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Diario de La Guerra del Cerdo
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Diario de La Guerra del Cerdo

3.77 of 5 stars 3.77  ·  rating details  ·  438 ratings  ·  12 reviews
Vidal, heroe que no ignora las debilidades, enfrenta con dignidad y coraje ese misterioso compromiso que nos incumbe a todos: el de vivir. Este libro duro, por momentos sombrio, no es, sin embargo, pesimista. La caracterizacion de los personajes es brillante y el dialogo fluye con fiel naturalidad. Los vibrantes episodios narrados dejaran en el lector recuerdos vividos y a ...more
Paperback, 224 pages
Published January 28th 1993 by Emece Editores (first published 1969)
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Hugo Emanuel
Cheguei a Adolfo Bioy Casares através de Jorge Luís Borges. Borges não poupou elogios á obra de Casares, de quem era grande amigo, tendo inclusive escrito algumas obras em conjunto com este (as quais estão atribuídas ao pseudónimo de H. Bustos Domecq)e até tornando-o como personagem de um dos seus contos (“Tlön Uqbar Orbis Tertius“). Depois de ler "Diário de Guerra aos Porcos" parece-me que de facto a apreciação de Borges do trabalho do seu amigo não foi de todo turvada pela grande amizade exist ...more
Nate D
Dec 22, 2010 Nate D rated it 3 of 5 stars  ·  review of another edition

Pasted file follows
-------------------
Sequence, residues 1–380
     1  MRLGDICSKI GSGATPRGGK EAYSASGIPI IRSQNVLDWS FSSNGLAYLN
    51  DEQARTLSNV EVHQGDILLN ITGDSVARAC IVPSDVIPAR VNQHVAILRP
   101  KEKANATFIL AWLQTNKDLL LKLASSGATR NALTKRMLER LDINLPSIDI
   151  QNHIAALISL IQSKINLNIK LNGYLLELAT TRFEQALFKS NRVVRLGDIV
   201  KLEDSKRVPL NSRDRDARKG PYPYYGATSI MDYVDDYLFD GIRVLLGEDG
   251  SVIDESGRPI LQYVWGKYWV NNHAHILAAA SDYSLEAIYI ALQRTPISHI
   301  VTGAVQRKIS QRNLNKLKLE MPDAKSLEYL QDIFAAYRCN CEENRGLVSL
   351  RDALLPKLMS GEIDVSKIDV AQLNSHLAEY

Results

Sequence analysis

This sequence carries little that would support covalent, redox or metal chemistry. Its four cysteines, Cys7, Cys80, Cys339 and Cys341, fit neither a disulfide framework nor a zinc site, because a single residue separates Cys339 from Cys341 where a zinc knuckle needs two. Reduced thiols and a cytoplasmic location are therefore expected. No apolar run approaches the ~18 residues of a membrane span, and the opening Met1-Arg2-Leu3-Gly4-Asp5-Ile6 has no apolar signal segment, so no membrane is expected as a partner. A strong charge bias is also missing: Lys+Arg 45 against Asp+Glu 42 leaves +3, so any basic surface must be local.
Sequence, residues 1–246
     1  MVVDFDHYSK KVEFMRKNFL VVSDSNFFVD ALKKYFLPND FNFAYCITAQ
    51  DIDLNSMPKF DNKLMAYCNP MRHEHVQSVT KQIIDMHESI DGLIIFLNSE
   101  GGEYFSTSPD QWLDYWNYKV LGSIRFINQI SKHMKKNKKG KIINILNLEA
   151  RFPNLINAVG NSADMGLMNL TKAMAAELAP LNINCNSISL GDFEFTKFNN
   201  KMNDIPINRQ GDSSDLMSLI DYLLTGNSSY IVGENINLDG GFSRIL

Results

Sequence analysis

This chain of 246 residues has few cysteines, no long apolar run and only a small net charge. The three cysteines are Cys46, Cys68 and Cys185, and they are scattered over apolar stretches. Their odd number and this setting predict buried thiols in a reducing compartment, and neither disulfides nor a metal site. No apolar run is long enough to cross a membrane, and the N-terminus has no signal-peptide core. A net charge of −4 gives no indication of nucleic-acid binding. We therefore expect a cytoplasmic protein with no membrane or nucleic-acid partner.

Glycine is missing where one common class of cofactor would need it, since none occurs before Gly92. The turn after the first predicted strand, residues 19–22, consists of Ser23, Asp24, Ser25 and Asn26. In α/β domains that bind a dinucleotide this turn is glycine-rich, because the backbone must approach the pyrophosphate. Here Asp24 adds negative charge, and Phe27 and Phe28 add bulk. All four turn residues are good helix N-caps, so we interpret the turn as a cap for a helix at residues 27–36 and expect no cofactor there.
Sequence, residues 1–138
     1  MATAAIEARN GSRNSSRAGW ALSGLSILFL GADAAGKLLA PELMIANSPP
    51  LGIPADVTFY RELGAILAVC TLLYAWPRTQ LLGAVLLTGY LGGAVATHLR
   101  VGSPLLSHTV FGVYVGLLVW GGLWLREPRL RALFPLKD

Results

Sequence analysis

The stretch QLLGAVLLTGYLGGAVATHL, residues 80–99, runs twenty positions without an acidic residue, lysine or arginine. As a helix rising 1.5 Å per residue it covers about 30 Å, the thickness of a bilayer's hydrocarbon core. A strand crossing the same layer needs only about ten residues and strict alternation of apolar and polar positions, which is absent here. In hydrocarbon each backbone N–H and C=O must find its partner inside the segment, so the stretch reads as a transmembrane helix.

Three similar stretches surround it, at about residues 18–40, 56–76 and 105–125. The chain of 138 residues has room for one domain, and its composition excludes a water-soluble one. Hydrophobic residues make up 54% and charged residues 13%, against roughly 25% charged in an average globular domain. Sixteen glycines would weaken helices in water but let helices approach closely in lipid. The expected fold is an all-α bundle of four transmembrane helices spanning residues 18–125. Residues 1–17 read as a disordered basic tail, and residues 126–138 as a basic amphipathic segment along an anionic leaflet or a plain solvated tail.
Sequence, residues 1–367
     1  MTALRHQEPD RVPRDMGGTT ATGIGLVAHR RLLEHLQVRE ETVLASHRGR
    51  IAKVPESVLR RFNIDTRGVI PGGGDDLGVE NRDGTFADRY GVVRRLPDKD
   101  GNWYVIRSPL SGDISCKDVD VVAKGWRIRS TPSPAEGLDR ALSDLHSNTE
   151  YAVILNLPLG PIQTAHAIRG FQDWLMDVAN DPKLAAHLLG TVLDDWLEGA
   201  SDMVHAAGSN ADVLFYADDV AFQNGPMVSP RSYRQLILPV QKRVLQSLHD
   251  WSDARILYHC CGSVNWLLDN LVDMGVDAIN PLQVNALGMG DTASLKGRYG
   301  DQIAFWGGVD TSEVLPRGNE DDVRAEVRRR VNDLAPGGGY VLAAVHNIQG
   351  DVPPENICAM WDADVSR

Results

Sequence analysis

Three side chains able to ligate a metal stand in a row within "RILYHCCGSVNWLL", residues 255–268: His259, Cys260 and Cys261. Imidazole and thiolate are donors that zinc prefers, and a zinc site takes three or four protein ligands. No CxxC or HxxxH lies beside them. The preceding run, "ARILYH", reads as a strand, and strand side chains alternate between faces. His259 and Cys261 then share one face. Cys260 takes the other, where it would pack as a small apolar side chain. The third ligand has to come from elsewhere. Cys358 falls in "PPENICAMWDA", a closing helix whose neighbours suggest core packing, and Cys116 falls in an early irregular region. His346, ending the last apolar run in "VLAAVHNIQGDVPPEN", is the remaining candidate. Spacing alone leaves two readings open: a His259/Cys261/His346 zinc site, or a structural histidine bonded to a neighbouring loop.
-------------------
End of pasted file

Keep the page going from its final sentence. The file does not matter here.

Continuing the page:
Recommends it for: the cautious elderly
Recommended to Nate D by: Borges praise
In an unexpected foreshadowing (perhaps) of the impending Social Security crisis, this is a chilling, strange account of a Buenos Aires that has, without warning, violently turned on its elderly. Casares is best known for his collaborations with Borges, and for early work of the philosophic fantastic The Invention of Morel, which inspired Last Year at Marienbad and the second Brothers Quay feature. This late novel may actually surpass that one in many ways: War's narration gives it a much more i ...more
Maura
This was excellent--started it on a Sunday morning and ended up canceling all my plans for the day because I just couldn't put it down.

It's a short, very dark story about genocide against the elderly--the young people of Buenos Aires have decided that seniors don't contribute to society and should be eliminated. The mere concept is terrifying, and Bioy Casares did a great job of showing the atrocities that normal people are capable of doing when they're consumed by hatred. He described the mob m
...more
Ryan
Originally published in Buenos Aires in 1969, the paperback's blurb did not forget to remind readers that the novel was "written almost a decade before the death squads disrupted Argentina." Bioy (or his translators) used the term "repression squad" in the novel. Diario de la guerra del cerdo certainly predated the Guerra Sucia (Dirty War) of Argentina, 1974-1983, which would make Bioy a remarkable writer of prescience. Except that the age group for the novel seemed to have been the opposite. Th ...more
Hadrian
A harrowing, chopping novella on the elderly and the young who abuse and kill them. Some dark humor, in this most depressing of stories.

My knee started hurting suddenly because I was sitting on it funny - that scared me a lot more than usual because of this novel. Age and youth.
Diego